‘Make patients ‘pay’ for missing appointments’

Daily Echo: John Denham John Denham

PATIENTS who routinely miss outpatient appointments should be penalised – and even dropped to the bottom of the waiting list, a patient group has said.

Chairman of the Southampton LINk group Harry Dymond said those who miss appointments for no good reason should be made to ‘pay’ in some way.

And that includes the possibility of dropping repeat offenders to the bottom of waiting lists.

His comments come after it was revealed that last year 35,000 people missed scheduled outpatients appointments at Southampton General and Princess Anne hospitals while 10,000 people failed to turn up to meetings booked at the Royal County Hospital in Winchester .

The bill to the NHS in Hampshire alone is more than £5m, as it is estimated that each missed appointment costs an average of £126.

Mr Dymond said: “I’m all in favour of making patients ‘pay’ in some way if they miss their appointments for no apparent reason.

“Maybe a method of having them repositioned at the very bottom of the waiting list so that they suffer more for missing appointments would work.

“I’m not sure that fining patients is the right thing to do. The administrative burden of doing so could actually be worse in terms of overall cost, if you start having to chase fines from people who don’t pay.”

Southampton Itchen MP John Denham said he would want to see a great deal of research into why people were not turning up or cancelling appointments before considering levying a financial penalty.

He said: “While I wouldn’t rule it out completely I do think a lot of work needs to be done on finding out who these people are who miss appointments and why they do so.

“There are often quite complex health reasons, for example mental health issues or a number of different conditions that could have an impact on the number of appointments missed.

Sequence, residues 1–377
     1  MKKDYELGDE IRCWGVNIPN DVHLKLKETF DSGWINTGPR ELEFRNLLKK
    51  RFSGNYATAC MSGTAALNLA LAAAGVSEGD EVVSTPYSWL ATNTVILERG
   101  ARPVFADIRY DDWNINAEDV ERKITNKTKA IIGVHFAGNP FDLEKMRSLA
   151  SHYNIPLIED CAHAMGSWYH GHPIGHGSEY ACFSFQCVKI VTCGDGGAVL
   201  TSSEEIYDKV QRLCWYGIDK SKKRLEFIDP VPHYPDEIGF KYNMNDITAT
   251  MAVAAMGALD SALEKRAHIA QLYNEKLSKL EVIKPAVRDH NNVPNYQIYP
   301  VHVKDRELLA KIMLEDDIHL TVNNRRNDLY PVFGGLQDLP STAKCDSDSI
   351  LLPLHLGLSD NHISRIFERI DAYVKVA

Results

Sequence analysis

“Before we even looked at the possibility of penalising people, we would have to think very carefully or we would just end up punishing people who are not really at fault.”

He said that the onus should continue to be on the patient to make the appointment but he believed hospitals could do more to make bookings at more convenient times for patients.

Julian Lewis , MP for New Forest East, said that a punitive system for all probably would be inappropriate but that patients’ records should be “clearly marked” if they have a history of not turning up.

He added: “It’s down to the NHS experts who see how these appointments are going to waste every day.

“If they can come up with a way to address the problem, then I will fully support them.”

Comments (19)

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4:21pm Thu 30 Aug 12

Solomon's Boot says...

I think people who don't show up for appointments at doctor's surgerys and hospital should definitely be made to pay a financial penalty. Dentists charge for missed appointments, so why not GPs etc?!
I think people who don't show up for appointments at doctor's surgerys and hospital should definitely be made to pay a financial penalty. Dentists charge for missed appointments, so why not GPs etc?! Solomon's Boot

4:56pm Thu 30 Aug 12

arthur dalyrimple says...

Solomon's Boot wrote:
I think people who don't show up for appointments at doctor's surgerys and hospital should definitely be made to pay a financial penalty. Dentists charge for missed appointments, so why not GPs etc?!
if a functioning cancellation process is put in place ,you may have a point.
[quote][p][bold]Solomon's Boot[/bold] wrote: I think people who don't show up for appointments at doctor's surgerys and hospital should definitely be made to pay a financial penalty. Dentists charge for missed appointments, so why not GPs etc?![/p][/quote]if a functioning cancellation process is put in place ,you may have a point. arthur dalyrimple

4:59pm Thu 30 Aug 12

Georgem says...

Solomon's Boot wrote:
I think people who don't show up for appointments at doctor's surgerys and hospital should definitely be made to pay a financial penalty. Dentists charge for missed appointments, so why not GPs etc?!
This is a dysfunctional approach to problem-solving. "It's like this over there, so make it like that over here, too!". What if it's wrong over there? Amazingly, Denham is quite right. WHY are people missing appointments? I bet a lot of the time it's because they couldn't get through to their surgery.

Here's another thought. Financial penalties like this often have the opposite effect to that desired. For example, a nursery school was having problems with parents not picking up kids on time after school. So they combatted it with a fine. You pick your kid up late, you charge a fine. Good, right? That'll discourage people from breaking the rules!